Bring along books or games to help your kids through the “I’m bored” stage. If you’ll be driving for extended periods, bring some audio books or favorite music. Nowadays usually it is a I-Pad or tablet that keeps them busy, but make sure they pay attention to the particular homes of interest that you have and get their opinions as you go through each.
Time Your Tours for Success
Plan to look at homes in Greater Oakland County early in the day or just after (certainly not during) nap time. Be prepared with snack foods and drinks to keep energy levels up.
Let Them Know Their Input Counts
Although the final decision is yours, your children will feel better about the move to Greater Oakland County if they know you value what they think about their potential new home and neighborhood.
How to Help Your Kids Adjust To the Move to Greater Oakland County
- Children can find a move to Greater Oakland County overwhelming, even to a home within the same area. Here’s how you can help:
- Parents’ positive attitudes about a new environment inspire positive attitudes in children. Try to focus the children on what they can gain, rather than on what is being lost.
- Keep schedules as normal as possible to give children the extra security needed in the new surroundings.
- Call on new neighbors in Oakland County early so your children can meet other children who live nearby.
- Seek counseling or academic tutoring immediately if a child runs into trouble in the new Oakland County School, being sure to give the child lots of encouragement and praise in the process.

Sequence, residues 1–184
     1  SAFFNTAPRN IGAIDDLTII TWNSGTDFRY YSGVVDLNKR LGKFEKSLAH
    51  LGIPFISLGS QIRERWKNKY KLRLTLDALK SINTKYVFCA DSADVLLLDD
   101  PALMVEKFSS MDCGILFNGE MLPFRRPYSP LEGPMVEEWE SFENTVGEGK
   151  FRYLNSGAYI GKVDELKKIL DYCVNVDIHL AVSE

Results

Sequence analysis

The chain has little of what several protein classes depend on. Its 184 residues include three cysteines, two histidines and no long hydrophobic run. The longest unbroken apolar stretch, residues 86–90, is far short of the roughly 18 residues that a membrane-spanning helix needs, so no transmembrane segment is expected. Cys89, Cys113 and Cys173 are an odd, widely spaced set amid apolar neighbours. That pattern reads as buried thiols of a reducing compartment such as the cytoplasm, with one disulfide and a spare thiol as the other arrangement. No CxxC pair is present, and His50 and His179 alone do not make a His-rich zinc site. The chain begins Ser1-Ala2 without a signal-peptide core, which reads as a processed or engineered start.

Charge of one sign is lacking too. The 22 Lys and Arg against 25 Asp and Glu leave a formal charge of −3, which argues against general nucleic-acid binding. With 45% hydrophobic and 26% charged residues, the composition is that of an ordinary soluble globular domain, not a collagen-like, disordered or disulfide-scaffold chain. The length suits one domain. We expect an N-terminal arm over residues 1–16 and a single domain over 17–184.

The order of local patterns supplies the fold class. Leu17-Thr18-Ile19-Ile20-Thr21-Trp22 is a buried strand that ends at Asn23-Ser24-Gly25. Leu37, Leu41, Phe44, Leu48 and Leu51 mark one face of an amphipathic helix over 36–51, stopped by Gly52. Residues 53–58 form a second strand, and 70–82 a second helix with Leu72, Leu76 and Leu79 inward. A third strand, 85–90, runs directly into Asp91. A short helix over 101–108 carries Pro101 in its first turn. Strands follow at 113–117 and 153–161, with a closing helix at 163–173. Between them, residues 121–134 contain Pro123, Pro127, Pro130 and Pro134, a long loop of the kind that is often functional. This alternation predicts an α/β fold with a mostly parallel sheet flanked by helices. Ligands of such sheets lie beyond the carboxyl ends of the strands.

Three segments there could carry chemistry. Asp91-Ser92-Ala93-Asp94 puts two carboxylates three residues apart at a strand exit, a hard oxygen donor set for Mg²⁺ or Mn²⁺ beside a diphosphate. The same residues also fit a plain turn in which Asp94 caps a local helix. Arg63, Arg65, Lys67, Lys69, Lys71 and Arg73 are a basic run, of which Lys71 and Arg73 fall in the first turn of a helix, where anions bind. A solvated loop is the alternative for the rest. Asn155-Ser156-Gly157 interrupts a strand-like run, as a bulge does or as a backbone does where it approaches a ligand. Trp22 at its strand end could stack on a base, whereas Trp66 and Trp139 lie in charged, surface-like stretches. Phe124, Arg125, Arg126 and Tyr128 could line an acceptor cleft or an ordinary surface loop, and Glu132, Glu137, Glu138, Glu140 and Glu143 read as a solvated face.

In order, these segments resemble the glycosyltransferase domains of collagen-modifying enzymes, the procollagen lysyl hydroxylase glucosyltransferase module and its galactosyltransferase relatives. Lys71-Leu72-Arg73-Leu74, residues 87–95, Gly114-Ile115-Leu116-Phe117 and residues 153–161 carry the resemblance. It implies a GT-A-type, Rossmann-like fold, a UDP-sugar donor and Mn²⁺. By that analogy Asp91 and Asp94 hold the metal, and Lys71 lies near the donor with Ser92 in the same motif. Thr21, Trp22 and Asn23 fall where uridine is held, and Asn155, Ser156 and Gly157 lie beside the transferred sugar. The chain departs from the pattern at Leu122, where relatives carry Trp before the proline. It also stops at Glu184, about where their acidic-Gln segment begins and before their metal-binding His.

- Be available at mealtime, bedtime and (if possible) after school to listen to and share new experiences.
- Sign up your child for one or two activities, sports or lessons so he or she can meet new friends and establish or continue special interests.
- Consider requests for clothing, bikes and other equipment that may not have been a “necessity” in the previous area but can help a child fit in with new peers.
- Visit the old home and invite old friends to your new home in Oakland Country to help your child maintain a sense of roots.
- Exercise patience during the adjustment period. Finding a new sense of “home” takes time.
Downsize, Right Size Or Cross Size…That’s the question when it come to retirement. Many baby-boomers are getting set to do just that, Retire! It is an exciting thing, but also big decisions that come along with it when it comes to downsizing your home. Some situations mean that the home is too big or the yard is too much to maintain or yo just want to move somewhere warmer. No matter what the reason these steps should help you make the best situation that is right for you.